For The Time Being

This is an appropriate time to read this brilliant poem by. W.H. Auden.
              "when the chilling winds and numbing routine have taken their toll."

For The Time Being

Well, so that is that. Now we must dismantle the tree,
Putting the decorations back into their cardboard boxes--
Some have got broken--and carrying them up to the attic.

The holly and the mistletoe must be taken down and burnt,
And the children got ready for school. There are enough
Leftovers to do, warmed up, for the rest of the week--
Not that we have much appetite, having drunk such a lot,
Stayed up so late, attempted--quite unsuccessfully--
To love all of our relatives, and in general
Grossly overestimated our powers. 

Once again
As in previous years we have seen the actual Vision and failed
To do more than entertain it as an agreeable
Possibility, once again we have sent Him away,
Begging though to remain His disobedient servant,
The promising child who cannot keep His word for long.

The Christmas Feast is already a fading memory,
And already the mind begins to be vaguely aware
Of an unpleasant whiff of apprehension at the thought
Of Lent and Good Friday which cannot, after all, now
Be very far off. 

But, for the time being, here we all are,
Back in the moderate Aristotelian city
Of darning and the Eight-Fifteen, where Euclid's geometry
And Newton's mechanics would account for our experience,
And the kitchen table exists because I scrub it.

It seems to have shrunk during the holidays. The streets
Are much narrower than we remembered; we had forgotten
The office was as depressing as this. 

To those who have seen
The Child, however dimly, however incredulously,
The Time Being is, in a sense, the most trying time of all.

For the innocent children who whispered so excitedly
Outside the locked door where they knew the presents to be
Grew up when it opened. Now recollecting that moment
We can repress the joy, but the guilt remains conscious;
Remembering the stable where for once in our lives
Everything became a You and nothing was an It.

And craving the sensation but ignoring the cause,
We look round for something, no matter what, to inhibit
Our self-reflection, and the obvious thing for that purpose
Would be some great suffering. So, once we have met the Son,
We are tempted ever after to pray to the Father;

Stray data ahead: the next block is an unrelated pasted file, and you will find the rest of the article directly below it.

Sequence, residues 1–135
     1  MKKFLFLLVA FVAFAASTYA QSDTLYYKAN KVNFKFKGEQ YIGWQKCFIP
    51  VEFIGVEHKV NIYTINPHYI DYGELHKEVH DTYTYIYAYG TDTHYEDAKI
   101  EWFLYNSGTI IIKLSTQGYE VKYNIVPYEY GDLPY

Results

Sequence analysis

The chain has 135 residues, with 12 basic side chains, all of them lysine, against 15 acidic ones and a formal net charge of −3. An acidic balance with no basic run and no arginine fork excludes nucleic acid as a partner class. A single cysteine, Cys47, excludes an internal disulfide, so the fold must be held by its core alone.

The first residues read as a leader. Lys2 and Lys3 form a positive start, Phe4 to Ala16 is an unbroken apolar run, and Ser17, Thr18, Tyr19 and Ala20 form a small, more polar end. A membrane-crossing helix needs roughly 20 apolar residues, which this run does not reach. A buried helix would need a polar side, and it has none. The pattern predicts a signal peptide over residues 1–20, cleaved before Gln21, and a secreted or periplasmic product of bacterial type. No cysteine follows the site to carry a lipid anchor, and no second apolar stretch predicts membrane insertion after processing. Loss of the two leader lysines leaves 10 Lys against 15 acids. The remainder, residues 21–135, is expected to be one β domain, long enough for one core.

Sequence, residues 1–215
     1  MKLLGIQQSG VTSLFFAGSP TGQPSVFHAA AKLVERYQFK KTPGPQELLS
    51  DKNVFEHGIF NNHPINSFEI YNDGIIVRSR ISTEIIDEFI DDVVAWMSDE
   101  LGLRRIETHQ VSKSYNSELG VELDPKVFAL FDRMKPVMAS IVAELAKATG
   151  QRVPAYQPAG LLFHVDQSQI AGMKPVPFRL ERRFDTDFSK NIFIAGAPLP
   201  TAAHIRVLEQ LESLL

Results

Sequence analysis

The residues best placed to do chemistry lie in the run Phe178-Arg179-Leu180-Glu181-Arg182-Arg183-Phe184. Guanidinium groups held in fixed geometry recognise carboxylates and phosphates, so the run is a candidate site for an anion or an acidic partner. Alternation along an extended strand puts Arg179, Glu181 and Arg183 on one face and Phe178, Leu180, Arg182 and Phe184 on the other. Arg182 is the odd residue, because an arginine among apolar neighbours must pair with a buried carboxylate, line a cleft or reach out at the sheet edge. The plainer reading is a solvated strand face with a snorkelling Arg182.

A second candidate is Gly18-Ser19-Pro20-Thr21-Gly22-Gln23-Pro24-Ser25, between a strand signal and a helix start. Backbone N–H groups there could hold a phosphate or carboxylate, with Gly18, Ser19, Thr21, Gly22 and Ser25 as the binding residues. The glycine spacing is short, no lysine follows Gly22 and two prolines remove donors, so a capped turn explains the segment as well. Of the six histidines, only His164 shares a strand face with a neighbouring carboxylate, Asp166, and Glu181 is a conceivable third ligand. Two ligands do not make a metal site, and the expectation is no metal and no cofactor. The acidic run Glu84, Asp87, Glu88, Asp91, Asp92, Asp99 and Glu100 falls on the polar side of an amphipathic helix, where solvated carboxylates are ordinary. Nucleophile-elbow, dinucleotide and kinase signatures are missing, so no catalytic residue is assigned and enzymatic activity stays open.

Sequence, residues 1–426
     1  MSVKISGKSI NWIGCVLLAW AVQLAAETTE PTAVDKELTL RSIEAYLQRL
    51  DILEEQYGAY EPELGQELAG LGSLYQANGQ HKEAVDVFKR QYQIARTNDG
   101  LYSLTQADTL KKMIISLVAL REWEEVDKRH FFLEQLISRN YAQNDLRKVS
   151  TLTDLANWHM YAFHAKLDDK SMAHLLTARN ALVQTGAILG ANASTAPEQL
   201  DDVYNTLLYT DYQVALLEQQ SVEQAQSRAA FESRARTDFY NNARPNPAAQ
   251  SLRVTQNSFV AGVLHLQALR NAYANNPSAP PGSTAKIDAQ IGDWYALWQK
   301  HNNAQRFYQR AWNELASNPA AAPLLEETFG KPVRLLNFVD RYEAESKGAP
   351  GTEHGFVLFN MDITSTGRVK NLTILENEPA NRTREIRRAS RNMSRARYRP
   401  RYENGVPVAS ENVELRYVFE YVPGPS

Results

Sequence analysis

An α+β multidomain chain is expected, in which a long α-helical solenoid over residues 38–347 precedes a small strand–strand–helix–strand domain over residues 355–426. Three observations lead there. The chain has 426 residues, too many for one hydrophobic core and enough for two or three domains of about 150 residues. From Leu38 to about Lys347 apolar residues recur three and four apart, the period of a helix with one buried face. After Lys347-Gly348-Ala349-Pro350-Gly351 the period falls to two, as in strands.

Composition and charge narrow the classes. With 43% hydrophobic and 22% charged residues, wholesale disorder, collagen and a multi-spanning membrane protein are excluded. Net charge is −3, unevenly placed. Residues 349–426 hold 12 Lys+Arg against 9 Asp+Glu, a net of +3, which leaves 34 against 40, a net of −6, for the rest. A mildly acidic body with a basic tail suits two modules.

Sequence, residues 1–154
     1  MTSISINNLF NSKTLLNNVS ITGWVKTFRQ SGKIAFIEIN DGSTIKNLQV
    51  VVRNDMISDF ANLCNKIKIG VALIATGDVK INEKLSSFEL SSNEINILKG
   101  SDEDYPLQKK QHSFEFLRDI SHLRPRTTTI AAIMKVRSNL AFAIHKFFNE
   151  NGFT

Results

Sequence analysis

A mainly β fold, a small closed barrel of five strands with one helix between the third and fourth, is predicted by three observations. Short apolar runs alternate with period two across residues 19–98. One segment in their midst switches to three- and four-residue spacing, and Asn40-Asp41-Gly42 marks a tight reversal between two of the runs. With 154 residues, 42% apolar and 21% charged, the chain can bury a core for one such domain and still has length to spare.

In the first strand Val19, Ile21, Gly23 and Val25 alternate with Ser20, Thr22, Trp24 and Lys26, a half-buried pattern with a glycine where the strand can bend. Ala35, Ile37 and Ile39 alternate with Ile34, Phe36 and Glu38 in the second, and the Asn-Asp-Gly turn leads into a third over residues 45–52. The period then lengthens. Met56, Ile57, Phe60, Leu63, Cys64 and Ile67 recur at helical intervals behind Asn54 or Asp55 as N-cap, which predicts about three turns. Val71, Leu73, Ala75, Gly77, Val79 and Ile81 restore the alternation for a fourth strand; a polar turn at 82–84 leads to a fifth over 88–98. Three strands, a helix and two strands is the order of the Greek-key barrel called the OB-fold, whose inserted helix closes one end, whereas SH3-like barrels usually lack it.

"Lead us into temptation and evil for our sake."

They will come, all right, don't worry; probably in a form
That we do not expect, and certainly with a force
More dreadful than we can imagine. In the meantime
There are bills to be paid, machines to keep in repair,
Irregular verbs to learn, the Time Being to redeem
From insignificance. 

The happy morning is over,
The night of agony still to come; the time is noon:
When the Spirit must practice his scales of rejoicing
Without even a hostile audience, and the Soul endure
A silence that is neither for nor against her faith
That God's Will will be done, that, in spite of her prayers,
God will cheat no one, not even the world, of its triumph.

In 1942, British poet W.H. Auden completed the words to a Christmas Oratorio he called For the Time Being.

 In this edited extract William French describes the significance of the poem..
"For Auden, our ordinary existence is lived out in a post-Christmas world where “The Christmas Feast is already becoming a memory. . . . And the kitchen table exists because I scrub it.” His concern in the poem is not simply to speak of the Nativity events but rather to draw out their incarnational impact upon the mundane world of the everyday.
And what could be more boring, more deadeningly mundane, than the cabin-fever periods of February? 
Only a late-winter reading allows access to the deeper layers of meaning in the poem, because for Auden Christmas is more than simply a discrete peak event -- a holiday -- distinct from the rest of the year; 
it is an annual reminder that God has acted and is acting “to redeem from insignificance” the monotonous sludge of our everyday routines. 
Auden’s point is that Christmas has more to do with the serious confrontation with emptiness in late winter than with holiday good cheer in December.

A post-Christmas reading discloses the depth of Auden’s incarnational vision and by so doing helps illuminate how Auden uses comedy and humor -- not merely for laughs, but to promote and sustain honest moral reflection. 
 In “The Christmas Oratorio” his comic witnesses of the Nativity train attention on our common human foibles and show that the general drudgery and pettiness of our lives may contain an underlying dimension of significance and worth."

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